The Corner

Krauthammer’s Take

From Special Report with Bret Baier | Friday, February 24, 2012

On the administration’s apologies for the burning of Korans by American soldiers at Bagram Air Base:

That was embarrassing….

We have gone from apology here to abject self-debasement and groveling. And groveling to whom? To the mob.

We should have had a single apology from the commander on the ground and that’s it. Not from the secretary of defense. Not from the president — of all people.

Remember when the president had to pick up the phone when there was a crazy pastor in Florida who wanted a Koran burning and he had to be talked out of it? Is the president in charge of offenses against certain religious traditions in the world?

This is a world in which nobody asked the Islamic Conference, the grouping of 56 Islamic countries, to issue an apology when Christians are attacked and churches are burned in Egypt or Pakistan. And had we heard a word from any Islamic leader anywhere about radical Muslims in Nigeria who are not only burning churches but are burning women and children in the churches?

When I hear that [apology], I’ll expect the president to start issuing apologies.

And, in fact, I’m not sure the argument [that] you have to do it [issue a presidential apology] to protect our soldiers is correct. The fact is that after the president apologized — and after we have been on our knees groveling — there was increase in the violence. It isn’t as if it has had any effect whatsoever. It whets the appetite. People love to see America on its knees.

And second, on the idea that the leader, Muslim leaders in the world [do] apologize. There are 56 nations in the Islamic Conference. Has one apologized for the attacks on Copts in Egypt? Has the leader in Egypt himself apologized? No….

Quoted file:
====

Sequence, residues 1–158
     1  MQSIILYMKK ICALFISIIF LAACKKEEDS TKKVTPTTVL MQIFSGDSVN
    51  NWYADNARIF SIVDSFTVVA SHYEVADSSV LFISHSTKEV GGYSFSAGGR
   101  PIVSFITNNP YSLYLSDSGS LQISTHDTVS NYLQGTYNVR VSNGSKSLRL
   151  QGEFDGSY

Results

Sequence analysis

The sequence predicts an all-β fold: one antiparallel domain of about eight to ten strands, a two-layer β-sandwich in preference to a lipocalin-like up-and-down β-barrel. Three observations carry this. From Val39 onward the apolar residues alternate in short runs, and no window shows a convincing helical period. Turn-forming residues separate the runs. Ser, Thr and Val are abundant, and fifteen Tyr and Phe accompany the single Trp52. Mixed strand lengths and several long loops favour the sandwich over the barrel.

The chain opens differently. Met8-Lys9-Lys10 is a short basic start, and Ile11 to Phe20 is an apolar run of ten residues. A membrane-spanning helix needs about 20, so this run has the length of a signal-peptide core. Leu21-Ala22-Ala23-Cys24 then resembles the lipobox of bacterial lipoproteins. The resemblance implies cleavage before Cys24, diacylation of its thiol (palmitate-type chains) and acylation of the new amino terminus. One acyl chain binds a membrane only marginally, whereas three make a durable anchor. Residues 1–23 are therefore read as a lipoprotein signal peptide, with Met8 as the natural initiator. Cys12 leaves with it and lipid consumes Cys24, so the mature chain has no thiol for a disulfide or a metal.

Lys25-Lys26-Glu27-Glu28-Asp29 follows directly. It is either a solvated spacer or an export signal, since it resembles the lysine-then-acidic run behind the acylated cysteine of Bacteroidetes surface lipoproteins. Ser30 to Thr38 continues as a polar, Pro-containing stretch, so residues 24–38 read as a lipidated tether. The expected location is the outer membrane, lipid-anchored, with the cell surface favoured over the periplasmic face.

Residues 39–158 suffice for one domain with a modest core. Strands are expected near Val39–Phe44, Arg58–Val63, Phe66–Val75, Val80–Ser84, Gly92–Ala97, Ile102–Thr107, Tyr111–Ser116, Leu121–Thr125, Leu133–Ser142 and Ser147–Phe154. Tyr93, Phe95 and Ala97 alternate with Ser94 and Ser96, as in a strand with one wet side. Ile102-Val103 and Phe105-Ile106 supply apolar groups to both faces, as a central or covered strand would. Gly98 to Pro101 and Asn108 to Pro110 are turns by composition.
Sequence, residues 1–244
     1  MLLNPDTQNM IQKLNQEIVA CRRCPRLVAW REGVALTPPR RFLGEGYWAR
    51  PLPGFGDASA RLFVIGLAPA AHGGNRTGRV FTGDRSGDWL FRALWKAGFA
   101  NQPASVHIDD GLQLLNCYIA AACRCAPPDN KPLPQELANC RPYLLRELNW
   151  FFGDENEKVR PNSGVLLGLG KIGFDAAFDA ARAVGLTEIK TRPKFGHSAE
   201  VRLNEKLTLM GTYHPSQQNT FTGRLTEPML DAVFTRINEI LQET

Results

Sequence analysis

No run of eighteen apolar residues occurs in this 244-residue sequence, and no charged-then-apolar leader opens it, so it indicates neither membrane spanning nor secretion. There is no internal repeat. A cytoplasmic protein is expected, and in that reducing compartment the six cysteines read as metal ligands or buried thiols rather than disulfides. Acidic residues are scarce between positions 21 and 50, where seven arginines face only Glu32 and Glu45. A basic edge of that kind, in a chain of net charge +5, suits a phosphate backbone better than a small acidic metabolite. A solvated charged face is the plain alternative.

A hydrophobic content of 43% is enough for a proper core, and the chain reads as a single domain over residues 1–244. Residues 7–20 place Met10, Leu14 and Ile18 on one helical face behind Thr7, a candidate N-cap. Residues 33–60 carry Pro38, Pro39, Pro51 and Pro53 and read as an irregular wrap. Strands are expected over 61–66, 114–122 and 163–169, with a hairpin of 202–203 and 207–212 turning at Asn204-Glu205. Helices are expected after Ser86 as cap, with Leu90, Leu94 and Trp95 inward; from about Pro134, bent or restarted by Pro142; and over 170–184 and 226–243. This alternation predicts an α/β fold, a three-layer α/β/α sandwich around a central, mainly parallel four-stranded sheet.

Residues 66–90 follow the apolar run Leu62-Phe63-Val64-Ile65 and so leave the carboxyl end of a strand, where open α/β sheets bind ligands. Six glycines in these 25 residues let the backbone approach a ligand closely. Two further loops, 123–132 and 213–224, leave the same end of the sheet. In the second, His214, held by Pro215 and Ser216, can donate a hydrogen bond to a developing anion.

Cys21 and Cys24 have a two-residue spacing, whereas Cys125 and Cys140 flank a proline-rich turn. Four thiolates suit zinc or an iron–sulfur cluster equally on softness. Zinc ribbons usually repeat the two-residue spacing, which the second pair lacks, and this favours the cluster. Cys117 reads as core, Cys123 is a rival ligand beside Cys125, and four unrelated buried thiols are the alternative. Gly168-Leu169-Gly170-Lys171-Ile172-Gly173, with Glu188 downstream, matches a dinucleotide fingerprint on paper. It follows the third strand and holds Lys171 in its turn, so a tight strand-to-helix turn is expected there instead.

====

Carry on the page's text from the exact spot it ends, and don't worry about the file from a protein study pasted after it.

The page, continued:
The reason we’re apologizing is not because of politeness or showing respect. A single apology would have done that. It’s the fear of violence. People don’t object if Mormons are mocked on Broadway, if Christian crucifixes are put in bottles of urine and displayed in a museum, because violence isn’t a factor.

[Regarding Islam, however] people are afraid. You do a cartoon of Muhammad and you get beheaded or shot. It’s a matter of fear. It’s not respect. One apology is correct. It [the administration’s multiple apologies] shouldn’t have been done — all of this stuff is cravenness.

NRO Staff — Members of the National Review Online editorial and operational teams are included under the umbrella “NR Staff.”

Most Popular

Politics & Policy

Students’ Anti-Gun Views

Are children innocents or are they leaders? Are teenagers fully autonomous decision-makers, or are they lumps of mental clay, still being molded by unfolding brain development? The Left seems to have a particularly hard time deciding these days. Take, for example, the high-school students from Parkland, ... Read More

Romney Is a Misfit for America

Mitt’s back. The former governor of Massachusetts and occasional native son of Michigan has a new persona: Mr. Utah. He’s going to bring Utah conservatism to the whole Republican party and to the country at large. Wholesome, efficient, industrious, faithful. “Utah has a lot to teach the politicians in ... Read More
Law & the Courts

What the Second Amendment Means Today

The horrifying school massacre in Parkland, Fla., has prompted another national debate about guns. Unfortunately, it seems that these conversations are never terribly constructive — they are too often dominated by screeching extremists on both sides of the aisle and armchair pundits who offer sweeping opinions ... Read More

Fire the FBI Chief

American government is supposed to look and sound like George Washington. What it actually looks and sounds like is Henry Hill from Goodfellas: bad suit, hand out, intoning the eternal mantra: “F*** you, pay me.” American government mostly works by interposition, standing between us, the free people at ... Read More
Film & TV

Black Panther’s Circle of Hype

The Marvel Cinematic Universe (MCU) first infantilizes its audience, then banalizes it, and, finally, controls it through marketing. This commercial strategy, geared toward adolescents of all ages, resembles the Democratic party’s political manipulation of black Americans, targeting that audience through its ... Read More